CHARLESTON, W.Va. A top state Senate leader narrowly lost the West Virginia primary in what became the most expensive legislative race of that election, the final round of campaign finance reports from the May 8 primary show.
Overall spending by legislative candidates reached $1.8 million, according to filings posted by the secretary of states office that reflect activity as of May 20. The reported campaign balances for the primary winners also help set the stage for the upcoming general election. Democrats hold majorities in both chambers. While that party will retain its hold on the Senate, because of a lack of Republican candidates, the state GOP has made a top priority of capturing at least 15 House seats to take over that body.
Senate Majority Whip Richard Browning and Delegate Daniel Hall each spent just over $108,000 in the contest that Hall won by 217 votes, making it by far the priciest legislative matchup.
Both Wyoming County Democrats loaned their campaigns $25,000 in the campaigns closing weeks. But Hall also earlier gave his campaign $15,000 to keep pace with Browning. The Senate leaders campaign finance report says he raised $91,834 for the primary, the most of any legislative candidate.
Hall is running for the Senate after two terms in the House of Delegates. Browning, who had successfully moved from the House to the Senate in 2008, joined leadership last year with the ascent of President Jeff Kessler to that chambers top post.
The recently redrawn Kanawha County districts saw the most spending among House candidates. Delegate Nancy Guthrie topped the list for that chamber with more than $56,000. The three-term Democrat also led legislative candidates for campaign loans. Shes self-funding her effort with $42,000.
All told, seven of the 10 highest-spending House candidates hail from Kanawha Countys 35th and 36th delegate districts. With Guthrie seeking re-election in the 36th District, former state Tax Commissioner Chris Morris followed her for spending at $47,000 as he seeks a seat in the 35th. Those top Kanawha County spenders all won primary berths except former Delegate Sharon Spencer, who spent more than $33,000 but failed in her bid to rejoin the House in the three-seat 36th District.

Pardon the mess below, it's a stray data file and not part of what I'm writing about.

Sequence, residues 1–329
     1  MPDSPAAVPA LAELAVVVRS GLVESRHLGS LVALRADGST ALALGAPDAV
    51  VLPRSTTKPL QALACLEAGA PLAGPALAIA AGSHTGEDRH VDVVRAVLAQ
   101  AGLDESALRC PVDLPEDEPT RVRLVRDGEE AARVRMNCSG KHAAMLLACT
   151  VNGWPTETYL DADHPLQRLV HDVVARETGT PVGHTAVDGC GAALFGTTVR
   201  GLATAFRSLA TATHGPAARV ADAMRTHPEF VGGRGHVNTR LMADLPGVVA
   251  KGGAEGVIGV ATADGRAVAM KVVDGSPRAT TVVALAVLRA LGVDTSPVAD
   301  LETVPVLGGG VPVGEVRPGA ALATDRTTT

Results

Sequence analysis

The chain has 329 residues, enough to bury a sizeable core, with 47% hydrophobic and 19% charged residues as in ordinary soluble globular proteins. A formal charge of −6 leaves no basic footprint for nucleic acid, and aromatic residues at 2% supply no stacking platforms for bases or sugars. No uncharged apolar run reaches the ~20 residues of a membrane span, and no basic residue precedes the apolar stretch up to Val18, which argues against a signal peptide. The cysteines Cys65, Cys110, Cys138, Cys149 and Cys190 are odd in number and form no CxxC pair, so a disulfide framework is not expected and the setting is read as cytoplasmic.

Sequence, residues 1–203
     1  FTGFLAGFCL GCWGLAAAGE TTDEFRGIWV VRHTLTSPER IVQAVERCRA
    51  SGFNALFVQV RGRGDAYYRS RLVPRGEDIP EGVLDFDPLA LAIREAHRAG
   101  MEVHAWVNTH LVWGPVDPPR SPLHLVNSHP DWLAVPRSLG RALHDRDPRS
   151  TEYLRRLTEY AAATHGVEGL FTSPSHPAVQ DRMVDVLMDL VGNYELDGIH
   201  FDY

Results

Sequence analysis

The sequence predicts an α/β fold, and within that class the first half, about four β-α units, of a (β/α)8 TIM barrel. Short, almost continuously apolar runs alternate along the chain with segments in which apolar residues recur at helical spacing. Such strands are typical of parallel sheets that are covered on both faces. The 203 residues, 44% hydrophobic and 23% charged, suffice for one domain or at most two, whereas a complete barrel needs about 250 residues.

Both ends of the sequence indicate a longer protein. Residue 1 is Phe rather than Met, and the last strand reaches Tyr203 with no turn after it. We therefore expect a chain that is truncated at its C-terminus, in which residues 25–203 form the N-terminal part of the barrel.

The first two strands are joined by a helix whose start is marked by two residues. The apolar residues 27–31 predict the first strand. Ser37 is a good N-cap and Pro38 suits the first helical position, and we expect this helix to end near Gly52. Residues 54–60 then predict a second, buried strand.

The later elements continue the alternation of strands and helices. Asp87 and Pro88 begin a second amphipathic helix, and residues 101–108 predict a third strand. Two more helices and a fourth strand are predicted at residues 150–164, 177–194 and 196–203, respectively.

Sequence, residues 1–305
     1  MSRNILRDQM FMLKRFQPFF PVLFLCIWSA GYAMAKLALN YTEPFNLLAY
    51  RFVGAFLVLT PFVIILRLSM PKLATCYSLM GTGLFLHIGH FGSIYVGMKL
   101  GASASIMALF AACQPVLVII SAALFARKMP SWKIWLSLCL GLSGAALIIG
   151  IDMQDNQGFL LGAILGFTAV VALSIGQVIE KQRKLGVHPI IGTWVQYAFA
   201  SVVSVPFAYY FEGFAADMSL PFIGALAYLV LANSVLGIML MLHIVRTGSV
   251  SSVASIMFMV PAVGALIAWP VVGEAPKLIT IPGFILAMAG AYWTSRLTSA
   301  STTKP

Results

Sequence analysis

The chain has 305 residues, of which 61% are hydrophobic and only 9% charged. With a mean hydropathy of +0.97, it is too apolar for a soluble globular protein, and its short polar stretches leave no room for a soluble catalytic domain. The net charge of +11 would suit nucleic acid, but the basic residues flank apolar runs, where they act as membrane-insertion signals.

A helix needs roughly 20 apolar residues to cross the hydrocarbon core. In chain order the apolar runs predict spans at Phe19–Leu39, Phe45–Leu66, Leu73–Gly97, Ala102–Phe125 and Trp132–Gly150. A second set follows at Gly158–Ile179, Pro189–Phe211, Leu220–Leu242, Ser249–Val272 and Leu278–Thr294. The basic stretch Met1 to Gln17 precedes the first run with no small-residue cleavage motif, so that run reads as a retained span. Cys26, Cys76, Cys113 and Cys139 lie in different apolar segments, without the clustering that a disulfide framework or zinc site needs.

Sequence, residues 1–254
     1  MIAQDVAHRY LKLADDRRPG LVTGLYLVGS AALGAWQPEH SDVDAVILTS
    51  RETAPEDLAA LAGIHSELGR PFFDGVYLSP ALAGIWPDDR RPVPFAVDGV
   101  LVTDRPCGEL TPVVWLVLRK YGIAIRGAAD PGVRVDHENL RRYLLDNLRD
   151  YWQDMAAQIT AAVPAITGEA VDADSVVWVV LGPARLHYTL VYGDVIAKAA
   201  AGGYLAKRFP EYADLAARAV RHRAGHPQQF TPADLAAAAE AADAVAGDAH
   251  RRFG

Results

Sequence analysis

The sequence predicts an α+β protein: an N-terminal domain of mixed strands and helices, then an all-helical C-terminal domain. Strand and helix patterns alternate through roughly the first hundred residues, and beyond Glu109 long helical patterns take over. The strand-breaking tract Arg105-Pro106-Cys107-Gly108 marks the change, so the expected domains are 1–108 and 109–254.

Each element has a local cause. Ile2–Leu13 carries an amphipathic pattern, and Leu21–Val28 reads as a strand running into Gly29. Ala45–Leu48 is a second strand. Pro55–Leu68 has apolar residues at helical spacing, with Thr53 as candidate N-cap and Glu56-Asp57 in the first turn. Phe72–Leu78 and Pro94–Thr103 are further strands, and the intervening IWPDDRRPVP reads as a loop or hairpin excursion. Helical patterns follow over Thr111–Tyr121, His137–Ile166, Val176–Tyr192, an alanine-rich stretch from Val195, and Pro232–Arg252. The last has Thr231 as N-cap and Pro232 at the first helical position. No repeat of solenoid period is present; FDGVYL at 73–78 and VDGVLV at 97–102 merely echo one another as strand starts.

Spencer was not the only legislative hopeful who lost despite outspending opponents. The review of post-primary filings by The Associated Press showed around a half-dozen House candidates whose spending did not yield nominations. They include Delegate Joe Talbott, unseated in the Democratic primary by longtime Webster County Assessor Dana Lynch. Tea party activist Terry Craver, meanwhile, outspent Delegate Ruth Rowan but attracted less than half the primary votes of the Hampshire County Republican.
The campaign finance reports also suggest several top match-ups emerging in advance of the fall campaigns:
Mercer County auto dealer Bill Cole had $18,743 on hand May 20, in his GOP bid to challenge Sen. Mark Wills. Thats twice the balance of the Democratic incumbent, whos coming off a primary he won by 552 votes after vastly outspending his party rival.
Sen. Herb Snyder had a $60,088 balance, the most of any legislative candidate in a contested race. That gave the Jefferson County Democrat a nearly 2-to-1 cash edge over Republican nominee Jim Ruland. Both were unopposed May 8.
Sen. Jack Yost, D-Brooke, had more than twice the cash on hand as Pat McGeehan, a former one-term GOP delegate, $32,070 to $13,744. Neither faced a primary challenger.
Republican Joshua Nelson had $11,182 in his bid to unseat Delegate Larry Barker, D-Boone, who had $4,420, in another fall matchup that follows uncontested primaries.
With heavy support from coal interests, Randy Smith built up a nearly $23,000 balance for his GOP campaign as he takes on Delegate Stan Shaver, a Preston County Democrat who had $7,641 on hand.
Eastern Panhandle lawyer Stephen Skinner reported the healthiest balance among the House contests, with $43,011. The Jefferson County Democrat faces Elliot Simon, who overcame a low-spending Republican primary rival and had $11,021 as of May 20.
Candidates must file the next round of campaign finance reports by Sept. 28.
Campaign finance reports: http://apps.sos.wv.gov/elections/candidate-search
Lawrence Messina covers the statehouse for The Associated Press. Follow him at http://twitter.com/lmessina